JEDDAH: Hajj pilgrim numbers could be limited to less or more than 1,000 to protect public health in the wake of the coronavirus pandemic, according to Saudi authorities.
Health Minister Dr. Tawfiq Al-Rabiah told a press conference on Tuesday that compulsory isolation before and after the pilgrimage will also be enforced.
He said Saudi Arabia is capable of ensuring pilgrims’ safety this year.
“The health ministry has accumulated experience in the service of pilgrims, and thus has enough human and technical capacities to serve pilgrims and preserve their health,” he said.
He added that an integrated hospital at holy sites will be provided, along with a health center in Arafat in case of emergencies during Hajj.
Medical cadres will also accompany pilgrims throughout their journey.
Al-Rabiah said limiting the number of pilgrims this year is important.
“Only people residing in the Kingdom, who are under 65 years of age and who do not have chronic diseases will be allowed to perform Hajj this year. They will get tested before arriving to the holy sites and will be subject to self-isolation after performing Hajj,” he said.
He added that those serving pilgrims during Hajj will also be tested.
Meanwhile, many East Asian countries decided to cancel their delegations to this year’s Hajj before the Saudi decision to limit pilgrim numbers.
Saudi Minister of Hajj and Umrah Mohammed Saleh Bentin said: “We appreciate this decision as it aims to protect people above everything else, which was also the priority of the Kingdom since the start of the pandemic, where it canceled Umrah and has now decided to limit the number of Hajj pilgrims to people already residing in Saudi Arabia.”
He added that the decision to limit numbers to less or more than 1,000 “was taken based on the Kingdom’s principles and past experience in managing Hajj. The main aim is preserving the health and safety of pilgrims in light of the coronavirus pandemic.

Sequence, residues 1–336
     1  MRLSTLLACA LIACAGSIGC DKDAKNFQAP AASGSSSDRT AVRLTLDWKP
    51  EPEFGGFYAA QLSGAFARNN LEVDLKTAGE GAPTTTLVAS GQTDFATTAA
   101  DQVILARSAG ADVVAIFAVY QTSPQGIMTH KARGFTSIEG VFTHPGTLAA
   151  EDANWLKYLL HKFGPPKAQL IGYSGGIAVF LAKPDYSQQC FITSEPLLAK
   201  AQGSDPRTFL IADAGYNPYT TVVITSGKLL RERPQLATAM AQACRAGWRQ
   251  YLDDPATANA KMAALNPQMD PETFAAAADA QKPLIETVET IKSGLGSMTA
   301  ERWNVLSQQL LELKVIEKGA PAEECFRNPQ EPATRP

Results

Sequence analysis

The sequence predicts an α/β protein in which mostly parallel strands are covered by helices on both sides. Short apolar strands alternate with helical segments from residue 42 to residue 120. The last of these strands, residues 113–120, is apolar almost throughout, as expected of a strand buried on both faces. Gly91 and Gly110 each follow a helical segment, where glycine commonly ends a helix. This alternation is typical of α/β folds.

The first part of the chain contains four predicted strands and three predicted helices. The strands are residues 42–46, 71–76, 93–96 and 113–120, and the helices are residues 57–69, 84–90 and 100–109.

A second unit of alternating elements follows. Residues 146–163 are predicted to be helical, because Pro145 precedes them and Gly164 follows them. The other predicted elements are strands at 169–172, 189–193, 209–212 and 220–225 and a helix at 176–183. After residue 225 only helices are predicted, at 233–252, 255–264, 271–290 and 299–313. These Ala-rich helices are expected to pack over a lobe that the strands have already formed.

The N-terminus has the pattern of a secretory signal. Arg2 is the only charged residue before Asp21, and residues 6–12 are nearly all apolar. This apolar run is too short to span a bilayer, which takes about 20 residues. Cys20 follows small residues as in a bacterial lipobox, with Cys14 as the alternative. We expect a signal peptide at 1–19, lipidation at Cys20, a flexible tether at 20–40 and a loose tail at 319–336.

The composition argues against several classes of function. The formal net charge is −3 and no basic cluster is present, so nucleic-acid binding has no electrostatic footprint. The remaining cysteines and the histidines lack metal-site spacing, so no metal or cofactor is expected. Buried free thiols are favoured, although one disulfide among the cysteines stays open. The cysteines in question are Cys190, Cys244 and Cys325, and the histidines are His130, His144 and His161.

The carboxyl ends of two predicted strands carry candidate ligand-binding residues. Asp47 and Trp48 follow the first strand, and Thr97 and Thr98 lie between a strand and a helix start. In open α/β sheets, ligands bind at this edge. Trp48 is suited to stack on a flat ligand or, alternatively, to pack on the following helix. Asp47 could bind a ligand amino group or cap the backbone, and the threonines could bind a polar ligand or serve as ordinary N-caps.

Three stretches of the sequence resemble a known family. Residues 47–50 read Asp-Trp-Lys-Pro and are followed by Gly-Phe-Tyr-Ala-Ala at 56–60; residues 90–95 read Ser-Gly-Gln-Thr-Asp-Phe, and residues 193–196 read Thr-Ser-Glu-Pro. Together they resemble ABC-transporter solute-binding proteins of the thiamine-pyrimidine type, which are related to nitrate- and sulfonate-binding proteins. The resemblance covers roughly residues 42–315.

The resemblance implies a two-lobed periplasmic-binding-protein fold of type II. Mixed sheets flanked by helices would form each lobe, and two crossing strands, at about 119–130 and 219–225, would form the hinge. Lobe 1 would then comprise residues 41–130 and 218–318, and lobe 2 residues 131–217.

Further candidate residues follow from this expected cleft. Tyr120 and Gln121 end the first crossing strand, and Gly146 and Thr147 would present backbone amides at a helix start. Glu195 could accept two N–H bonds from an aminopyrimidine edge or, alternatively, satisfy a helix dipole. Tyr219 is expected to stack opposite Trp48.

“It is a delicate process and we are working with experts at the health ministry, the interior ministry and other authorities to ensure a safe Hajj,” Bentin said.
He added that the Hajj ministry will cooperate with diplomatic missions in the Kingdom to determine the number of eligible non-Saudi residents.
Media coverage of this year’s Hajj will be in line with adopted health measures, he said.
Bentin said the Kingdom’s decision to limit Hajj pilgrims is based on the continuation of the coronavirus pandemic and the risks of it spreading in crowded spaces and large gatherings. It also comes amid a push to protect global health security.
“We have been working alongside the health ministry to determine precautionary measures and protocols that need to be followed. Preserving human lives is our priority, therefore, special plans have been set in place for this year’s Hajj, including the self-isolation of pilgrims both before and after performing Hajj,” he said.
He added that there will be no exceptions made for pilgrims arriving from abroad.
“We are aware of the dangers of this virus. Countries around the world have closed their borders. Therefore, no exceptions will be made,” he said.